On Wed, Feb 8, 2017 at 1:42 AM, James Bottomley
On Tue, 2017-02-07 at 14:25 -0800, Christoph Hellwig wrote:
On Tue, Feb 07, 2017 at 11:01:29PM +0200, Amir Goldstein wrote:
Project id's are not exactly "subtree" semantic, but inheritance
which is not the same when non empty directories get their project
Here is a recap:
Yes - but if we abuse them for containers we could refine the
semantics to simply not allow change of project ids from inside
containers based on say capabilities.
You mean something like this:
With the suggested protected_projects, projid 0 (also inside container)
gets a special meaning, much like user 0, so we may do interesting
things with the projid that is mapped to 0.
We can't really abuse projectid, it's part of the user namespace
mapping (for project quota). What we can do is have a new id that
behaves like it.
Perhaps we *can* use projid without abusing it.
userns already maps projids, but there is no concept of "owning project"
for a userns, nor does it make a lot of sense, because projid is not
part of the credentials.
But if we re-brand it as "container root projid", we can try to use it
for defining semantics to grant unprivileged access to a subtree.
The functionality you are trying to get with shiftfs mark does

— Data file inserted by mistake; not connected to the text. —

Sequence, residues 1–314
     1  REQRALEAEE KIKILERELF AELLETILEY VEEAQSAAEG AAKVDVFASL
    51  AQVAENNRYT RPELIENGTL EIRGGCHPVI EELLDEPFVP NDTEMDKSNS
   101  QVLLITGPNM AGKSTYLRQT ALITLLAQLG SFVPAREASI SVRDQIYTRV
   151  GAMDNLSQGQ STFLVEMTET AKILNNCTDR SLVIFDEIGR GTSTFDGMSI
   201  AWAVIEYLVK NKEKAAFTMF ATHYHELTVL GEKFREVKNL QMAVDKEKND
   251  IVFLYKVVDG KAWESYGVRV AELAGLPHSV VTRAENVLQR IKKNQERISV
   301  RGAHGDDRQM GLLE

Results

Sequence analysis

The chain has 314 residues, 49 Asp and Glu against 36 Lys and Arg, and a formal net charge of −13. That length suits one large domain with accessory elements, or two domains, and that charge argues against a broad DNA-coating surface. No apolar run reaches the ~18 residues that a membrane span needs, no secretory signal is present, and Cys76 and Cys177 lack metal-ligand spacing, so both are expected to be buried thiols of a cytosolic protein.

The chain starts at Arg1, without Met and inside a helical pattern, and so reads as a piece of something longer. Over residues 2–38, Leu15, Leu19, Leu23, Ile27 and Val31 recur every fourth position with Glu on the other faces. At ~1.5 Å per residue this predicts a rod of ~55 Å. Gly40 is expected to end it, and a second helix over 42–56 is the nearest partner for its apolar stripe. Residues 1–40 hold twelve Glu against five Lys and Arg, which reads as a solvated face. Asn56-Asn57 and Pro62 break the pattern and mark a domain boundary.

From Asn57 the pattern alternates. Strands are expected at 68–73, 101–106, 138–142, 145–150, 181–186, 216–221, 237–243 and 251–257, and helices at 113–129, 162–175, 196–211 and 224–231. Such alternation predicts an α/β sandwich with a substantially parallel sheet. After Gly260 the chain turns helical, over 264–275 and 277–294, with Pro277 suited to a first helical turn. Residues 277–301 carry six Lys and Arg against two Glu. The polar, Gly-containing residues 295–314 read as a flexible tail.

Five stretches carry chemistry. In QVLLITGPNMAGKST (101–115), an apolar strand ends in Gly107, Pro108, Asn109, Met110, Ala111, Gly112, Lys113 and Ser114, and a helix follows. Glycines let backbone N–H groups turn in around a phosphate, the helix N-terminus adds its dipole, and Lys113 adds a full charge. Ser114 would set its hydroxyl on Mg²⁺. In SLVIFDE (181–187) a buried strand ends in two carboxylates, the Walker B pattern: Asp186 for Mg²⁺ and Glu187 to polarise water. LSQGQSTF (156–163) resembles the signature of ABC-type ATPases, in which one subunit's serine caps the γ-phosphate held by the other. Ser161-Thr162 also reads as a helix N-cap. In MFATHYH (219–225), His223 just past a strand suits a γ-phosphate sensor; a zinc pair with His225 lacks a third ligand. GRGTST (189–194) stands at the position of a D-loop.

sounds a bit like "container root projid":
- inodes with mapped projid MAY be uid/gid shifted
- inodes with unmapped projid MAY NOT
I realize this may be very raw, but its a start. If you like this
direction we can try to develop it.
But like I said, we don't really need a ful ID, it would basically just
be a single bit mark to say remap or not when doing permission checks
against this inode. It would follow some of the project id semantics
(like inheritance from parent dir)
But a single bit would only work for single level of userns nesting won't it?
I guess we should define the semantics for the required sub-tree
marking, before we can talk about solutions.
So I've been thinking about how to do this without subtree marking and
yet retain the subtree properties similar to project id. The advantage
would be that if it can be done using only inode properties, then none
of the permission prototypes need change. The only real subtree
property we need is ability to bind into an unprivileged mount
namespace, but we already have that. The gotcha about marking inodes
is that they're all or nothing, so every subtree that gets access to
the inode inherits the mark. This means that we cannot allow a user
access to a marked inode without the cover of an unprivileged user
namespace, but I think that's fixable in the permission check
(basically if the inode is marked you *only* get access if you have a
user_ns != init_user_ns and we do the permission shifts or you have
user_ns == init_user_ns and you are admin capable).
I didn't follow, but it sounds like your proposed solutions is only
good for single level of userns nesting.
Do you think you can redefine it in terms of "container root projid".